Lindsay Jones
Teaching

Grieving and Gratitude: A Remembrance of Lindsay Jones

Grief and gratitude are kindred souls, each pointing to the beauty of what is transient and given to us by grace”

Patricia Campbell Carlson
Lindsay Jones, Newark Earthworks Symposium
Lindsay Jones, Newark Earthworks Symposium, October 17, 2009 (Photo by T.S. Bremer)

My world turned this week on the poles of grief and gratitude as I learned the painful news that Lindsay R. Jones passed away on Saturday, March 28, 2020, at age 65. Like many who knew him over the years, I had no idea of his condition these last couple of years, so his death was a devastating surprise to me. It shocked me into sobbing grief as I realized how much I loved him and relied on him, too often without fully appreciating the treasure he was to this world. We have lost a great soul, and I have lost a great friend.

Lindsay Jones has been a model for me for more than a quarter century, not only intellectually but as a human being. In his quiet, unpretentious, somewhat aloof manner, he connected with people, with ideas, with life itself. Generous, smart, insightful, curious, he embraced life with wisdom and a good dose of humor. Lindsay’s approach to criticism most often involved an attitude of amusement along with a good deal of modest humility. I know he suffered frustration with what he called in his autobiographical obituary the “elitist weenies” who populate the halls of academia, but his impatience with these shallow self-centered intellectuals, sometimes rising to disdain, never sucked him into pettiness. Lindsay merely chuckled and went back to life’s bigger questions.

Our occasional visits in recent years often turned to these bigger concerns. We tried to get together whenever I was in Ohio visiting family, but in the last couple years we had been in a rather quiet period in our relationship. I had not reached out to him, realizing that he was busy pursuing his passions in Mexico and working on his great Monte Albán project. And I was distracted by my own projects and life’s continuous challenges.

Our last visit was November 2017 in Columbus. We had a pleasant evening together catching up with each other, learning about what we were both working on, laughing about the world in general while enjoying a delicious dinner at one of his favorite Columbus restaurants. Beforehand we had sat in the small front room of his house on Medary Avenue, and he gave me a dozen or so books that he was ready to let go of.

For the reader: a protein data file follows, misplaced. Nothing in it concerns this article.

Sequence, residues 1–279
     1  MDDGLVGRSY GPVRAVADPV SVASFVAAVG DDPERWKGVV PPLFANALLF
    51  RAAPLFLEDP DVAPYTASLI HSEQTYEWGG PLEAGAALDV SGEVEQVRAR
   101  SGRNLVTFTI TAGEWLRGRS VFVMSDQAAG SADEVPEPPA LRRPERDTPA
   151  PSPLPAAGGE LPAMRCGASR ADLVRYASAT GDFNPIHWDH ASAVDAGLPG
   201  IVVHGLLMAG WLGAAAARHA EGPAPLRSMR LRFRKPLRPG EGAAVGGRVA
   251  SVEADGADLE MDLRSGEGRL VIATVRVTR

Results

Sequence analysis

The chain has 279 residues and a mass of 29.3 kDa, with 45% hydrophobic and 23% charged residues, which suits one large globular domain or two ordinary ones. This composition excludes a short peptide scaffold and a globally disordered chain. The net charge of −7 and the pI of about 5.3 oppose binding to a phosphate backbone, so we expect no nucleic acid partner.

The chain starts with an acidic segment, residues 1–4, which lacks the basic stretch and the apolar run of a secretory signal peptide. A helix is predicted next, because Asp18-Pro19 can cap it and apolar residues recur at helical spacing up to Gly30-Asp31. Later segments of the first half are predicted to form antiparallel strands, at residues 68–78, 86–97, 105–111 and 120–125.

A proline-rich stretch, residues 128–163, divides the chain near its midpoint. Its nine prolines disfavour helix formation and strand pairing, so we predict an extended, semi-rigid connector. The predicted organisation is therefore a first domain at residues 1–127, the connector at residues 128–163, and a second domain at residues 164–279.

After that night in Columbus, we had little correspondence. The last I heard from him was in response to a paper I had sent him by my student Joy Hocut who had used his work on sacred space in her insightful interpretation of the Nashville civil rights sit-ins in the 1960s. Lindsay’s comments began, “Everyday, prior to my morning coffee, I say a little prayer thanking the gods that I never again have to grade any student papers.  But just to read one good one is not a hardship.” Then he went on to offer some very helpful suggestions for improving her paper. To the end, Lindsay was the consummate teacher.

It was as teacher that I knew him best. The first class I ever took with Lindsay at The Ohio State University was “Introduction to Comparative Religion” in the winter quarter of 1993. The last week of the course we studied Buddhism, and Lindsay was explaining the Buddhist goal of extinguishing one’s desires and ambitions in pursuit of enlightenment. As an overly inquisitive and somewhat zealous student trying to grasp these counterintuitive principles, I was puzzled by an apparent contradiction in his explanation, so I raised my hand. I felt a tinge of urgency from Lindsay since we had only a couple of days left to learn Buddhism and finish the course, and there was much yet to cover. But he never let impatience or frustration impede student learning, and he always welcomed student questions. So I asked, “Isn’t ambition for enlightenment itself a desire that Buddhists would try to extinguish? In other words, why do Buddhists hold on to this one desire?” Lindsay paused, and it was clear that he was calculating how best to answer this complicated question concisely and accurately. After a moment of hesitation, he replied, “It all makes sense in meditation.” A faint smile came to his lips before turning back to the intricacies of Buddhism.

I think Lindsay understood much of the world that way. So many of our foibles and missteps, the appalling shortcomings of our humanity, only make sense in the deep contemplations of solitude and meditation. In the meantime, though, we continue to live, to study, to greet the world with curiosity and the amusement that comes from an intelligent sense of humor.

After 18 months of quiet, I was pleased to receive a pair of emails from Lindsay this January with the first two volumes of his Monte Albán trilogy attached. I looked forward to reading them this summer and getting back in touch with him, maybe visiting again in Columbus. Little did I know that this was the last I would hear from Lindsay Jones.

I am left now with only my grief and my gratitude. And a thousand lessons from a great teacher.

Lindsay Jones in Oaxaca, Mexico, March 2018

Similar Posts

2 Comments

  1. I can’t think of a better way to learn of someone’s death than a tribute like this. Thanks.

    Lindsay and I corresponded over the years. My last e-mail to him asked him if he wanted me to send him some research I had uncovered. I never heard from him again, and just assumed he’d moved on. I’m pretty sure that last e-mail was around the time he got his diagnosis.

    I’m devastated. But thanks for writing this wonderful remembrance.

Leave a Reply

Your email address will not be published.

This site uses Akismet to reduce spam. Learn how your comment data is processed.